The Lumber Cartel, local 42 (Canadian branch)
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Law - Canada - Anti-spam Bill S-220 - Petition

Please note:  Links to download PDF (for printing or offline viewing) and ASCII Text versions of this petition are available at:

Petition to improve proposed anti-spam Bill S-220:
An Act respecting commercial electronic messages

Table of Contents:

  1. Objection:  Exclusion of non-commercial spam
  2. Objection:  Exclusion of many internet service providers
  3. Objection:  Legitimizing spamming for certain types of senders
  4. Objection:  Seven-day grace period for unsubscribe requests

Important (relevant) internet site links:


The Government of Canada is currently considering new anti-spam legislation known as "Bill S-220: An Act respecting commercial electronic messages."  While this effort appears well-intended on the surface, there are some serious problems with this proposed legislation that violate everyone's natural right to consent by unfairly making discriminatory exemptions to various parties, excluding many internet service providers from critical protections, and providing unnecessary grace periods.  The exemptions legitimize spam based on who sent it (instead of respecting everyone's natural right to consent), and are inconsistent with the good spirit of Canadian culture.  The other points lack varying degrees of fairness, which is an integral aspect of any trustworthy judicial system.

We're raising four objections to the proposed anti-spam Bill S-220.  In the long run, we envision that the motivation to send spam from Canada will diminish as spammers feel increasingly discouraged (hopefully to the point of shutting down their spamming operations entirely), but the Solutions we included with our Objections must be implemented before this may be possible.

For your convenience we organized (with colour-coding) the details of each Objection (red), its Rationale (amber), and a reasonable Solution (green) in a format that's easy-to-read and understand.

i.  Objection:  Exclusion of non-commercial spam
Objection Rationale Solution
Title of the Act, and
Section 1

The Title of the Act implies, by its emphasis on the word "commercial," that non-commercial spam is excluded, and Section 1 is inconsistent in its reference to this Act as the "Anti-Spam Act."

By its very nature, the term Anti-Spam doesn't differentiate between commercial and non-commercial contexts; the crux of the Anti-Spam movement is to protect every recipient's natural right to consent.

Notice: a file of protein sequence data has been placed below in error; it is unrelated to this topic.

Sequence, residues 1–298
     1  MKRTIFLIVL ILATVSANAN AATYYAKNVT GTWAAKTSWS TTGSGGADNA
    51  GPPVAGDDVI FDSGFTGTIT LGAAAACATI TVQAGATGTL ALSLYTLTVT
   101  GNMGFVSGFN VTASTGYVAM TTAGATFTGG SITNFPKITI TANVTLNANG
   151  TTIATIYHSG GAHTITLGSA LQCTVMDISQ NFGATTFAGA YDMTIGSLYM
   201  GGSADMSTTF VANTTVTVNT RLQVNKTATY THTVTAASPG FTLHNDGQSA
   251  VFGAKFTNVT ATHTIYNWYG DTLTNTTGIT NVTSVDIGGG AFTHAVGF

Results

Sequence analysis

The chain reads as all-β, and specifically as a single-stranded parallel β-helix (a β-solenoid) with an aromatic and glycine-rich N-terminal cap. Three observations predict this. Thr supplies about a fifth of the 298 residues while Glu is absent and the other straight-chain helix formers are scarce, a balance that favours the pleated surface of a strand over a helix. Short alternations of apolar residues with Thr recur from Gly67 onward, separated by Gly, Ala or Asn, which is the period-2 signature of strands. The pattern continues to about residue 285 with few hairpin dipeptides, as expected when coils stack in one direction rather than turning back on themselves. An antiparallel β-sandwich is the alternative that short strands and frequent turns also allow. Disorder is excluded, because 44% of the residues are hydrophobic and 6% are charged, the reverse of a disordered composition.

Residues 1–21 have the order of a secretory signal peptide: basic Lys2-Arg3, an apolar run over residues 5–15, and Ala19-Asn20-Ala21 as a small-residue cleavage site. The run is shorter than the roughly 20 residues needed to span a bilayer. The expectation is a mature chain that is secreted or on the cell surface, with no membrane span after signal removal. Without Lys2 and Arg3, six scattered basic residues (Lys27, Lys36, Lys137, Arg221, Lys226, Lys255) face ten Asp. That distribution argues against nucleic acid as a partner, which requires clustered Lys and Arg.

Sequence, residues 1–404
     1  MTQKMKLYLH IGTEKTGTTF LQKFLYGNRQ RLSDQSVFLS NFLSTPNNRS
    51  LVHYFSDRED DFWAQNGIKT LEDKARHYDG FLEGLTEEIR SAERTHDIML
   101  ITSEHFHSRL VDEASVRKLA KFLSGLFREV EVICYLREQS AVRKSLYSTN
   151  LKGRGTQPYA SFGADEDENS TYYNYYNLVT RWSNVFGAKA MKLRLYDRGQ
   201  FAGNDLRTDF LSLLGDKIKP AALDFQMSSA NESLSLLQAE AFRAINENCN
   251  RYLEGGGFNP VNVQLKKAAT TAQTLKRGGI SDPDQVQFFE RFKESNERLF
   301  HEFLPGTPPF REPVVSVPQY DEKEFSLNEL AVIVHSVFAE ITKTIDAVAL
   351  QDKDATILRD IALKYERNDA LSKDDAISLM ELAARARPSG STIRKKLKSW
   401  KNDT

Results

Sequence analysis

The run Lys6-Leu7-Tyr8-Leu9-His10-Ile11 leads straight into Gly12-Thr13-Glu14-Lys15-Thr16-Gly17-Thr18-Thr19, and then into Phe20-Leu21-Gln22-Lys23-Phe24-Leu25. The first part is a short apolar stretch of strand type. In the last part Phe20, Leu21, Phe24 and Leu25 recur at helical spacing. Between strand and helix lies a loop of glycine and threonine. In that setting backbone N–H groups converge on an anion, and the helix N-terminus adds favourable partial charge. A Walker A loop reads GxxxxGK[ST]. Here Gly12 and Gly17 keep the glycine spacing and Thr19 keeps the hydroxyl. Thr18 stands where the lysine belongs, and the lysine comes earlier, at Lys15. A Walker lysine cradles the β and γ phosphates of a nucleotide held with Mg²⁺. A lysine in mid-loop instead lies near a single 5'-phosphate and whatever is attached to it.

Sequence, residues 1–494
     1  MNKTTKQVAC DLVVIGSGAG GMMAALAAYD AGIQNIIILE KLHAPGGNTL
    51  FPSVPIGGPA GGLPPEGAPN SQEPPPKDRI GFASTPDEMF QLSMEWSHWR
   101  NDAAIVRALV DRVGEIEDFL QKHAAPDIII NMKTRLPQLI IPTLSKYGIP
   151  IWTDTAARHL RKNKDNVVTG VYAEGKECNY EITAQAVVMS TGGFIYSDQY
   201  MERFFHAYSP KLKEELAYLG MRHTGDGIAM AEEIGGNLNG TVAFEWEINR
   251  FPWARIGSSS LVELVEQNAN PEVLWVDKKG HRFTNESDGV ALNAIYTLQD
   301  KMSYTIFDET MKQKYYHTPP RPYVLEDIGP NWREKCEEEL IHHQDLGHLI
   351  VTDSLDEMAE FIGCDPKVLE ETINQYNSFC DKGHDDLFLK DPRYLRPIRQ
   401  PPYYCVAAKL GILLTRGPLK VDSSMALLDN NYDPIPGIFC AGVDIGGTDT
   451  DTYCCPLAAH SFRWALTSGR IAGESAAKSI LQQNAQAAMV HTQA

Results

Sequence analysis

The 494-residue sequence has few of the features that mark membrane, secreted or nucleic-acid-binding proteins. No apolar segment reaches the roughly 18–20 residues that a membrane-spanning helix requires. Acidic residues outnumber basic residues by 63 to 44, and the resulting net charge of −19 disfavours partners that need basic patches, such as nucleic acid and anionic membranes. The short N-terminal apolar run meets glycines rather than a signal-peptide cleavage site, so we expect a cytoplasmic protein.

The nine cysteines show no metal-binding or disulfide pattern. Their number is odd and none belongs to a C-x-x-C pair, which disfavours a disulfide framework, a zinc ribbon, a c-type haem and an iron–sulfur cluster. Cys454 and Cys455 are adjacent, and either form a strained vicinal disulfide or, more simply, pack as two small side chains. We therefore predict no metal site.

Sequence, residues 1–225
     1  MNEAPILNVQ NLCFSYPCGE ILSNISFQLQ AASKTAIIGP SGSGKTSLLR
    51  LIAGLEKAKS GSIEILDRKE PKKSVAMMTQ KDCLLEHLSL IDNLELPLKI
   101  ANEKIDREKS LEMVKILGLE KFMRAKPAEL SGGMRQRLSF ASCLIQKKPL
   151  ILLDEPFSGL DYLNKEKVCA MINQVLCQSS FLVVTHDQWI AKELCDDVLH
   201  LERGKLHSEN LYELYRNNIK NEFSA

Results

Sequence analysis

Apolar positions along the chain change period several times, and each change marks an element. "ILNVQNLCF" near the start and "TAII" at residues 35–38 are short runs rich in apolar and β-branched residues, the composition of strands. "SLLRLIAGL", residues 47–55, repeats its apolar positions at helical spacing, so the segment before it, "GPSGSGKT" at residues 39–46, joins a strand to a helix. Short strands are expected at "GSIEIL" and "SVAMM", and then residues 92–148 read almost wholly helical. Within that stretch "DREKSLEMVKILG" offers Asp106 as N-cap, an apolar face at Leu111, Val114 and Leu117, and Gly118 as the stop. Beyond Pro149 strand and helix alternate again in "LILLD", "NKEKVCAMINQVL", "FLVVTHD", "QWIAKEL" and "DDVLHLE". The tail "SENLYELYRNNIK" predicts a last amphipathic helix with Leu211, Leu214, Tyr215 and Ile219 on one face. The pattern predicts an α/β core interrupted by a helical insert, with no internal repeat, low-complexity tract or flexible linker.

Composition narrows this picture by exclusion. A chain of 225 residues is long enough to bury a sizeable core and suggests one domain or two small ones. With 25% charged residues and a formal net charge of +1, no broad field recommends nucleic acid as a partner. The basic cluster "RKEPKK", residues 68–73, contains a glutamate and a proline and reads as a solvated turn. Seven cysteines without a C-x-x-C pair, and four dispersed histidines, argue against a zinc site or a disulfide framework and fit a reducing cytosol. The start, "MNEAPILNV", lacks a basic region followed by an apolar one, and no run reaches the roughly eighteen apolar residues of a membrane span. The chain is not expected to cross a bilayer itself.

In addition to "commercial," some other types of spam include:

  • auto-responders that reply to more than one message from a given sender
  • bounces (delivery failures) to forged sender addresses
  • C/R (Challenge/Response) System challenges
  • distribution of viruses and other malicious software
  • incomprehensible (e.g., "aaazzzaaazzz..." repeated and/or varied many times)
  • political
  • religious
  • other various types that have not yet been anticipated
  • outright fraud
Remove the word "commercial" from the Title of the Act.

Eliminate the "commercial" context throughout the Act, as appropriate, to ensure consistency with the Title of the Act.

ii.  Objection:  Exclusion of many internet service providers
Objection Rationale Solution
Section 3, subsection 2, and
Section 7, subsection 3, and
Section 26, subsections 1, 2, and 3

Unfairly excludes many ISPs ("internet service providers") from the protections provided to TSPs ("telecommunications service providers"), which severely hinders the potential effectiveness of this Bill.

ISPs ("internet service providers") are increasingly connecting their systems to the internet using computer networking technology, such as Ethernet or Fibre Optics, without directly utilizing traditional telecommunications equipment.  This absence of telecommunications equipment as a necessary part of their operations excludes ISPs from falling under the definition of TSPs ("telecommunications service providers").

In order for this Bill to be effective, ISPs need the same protections provided to TSPs since both provide similar Electronic Messaging solutions such as eMail.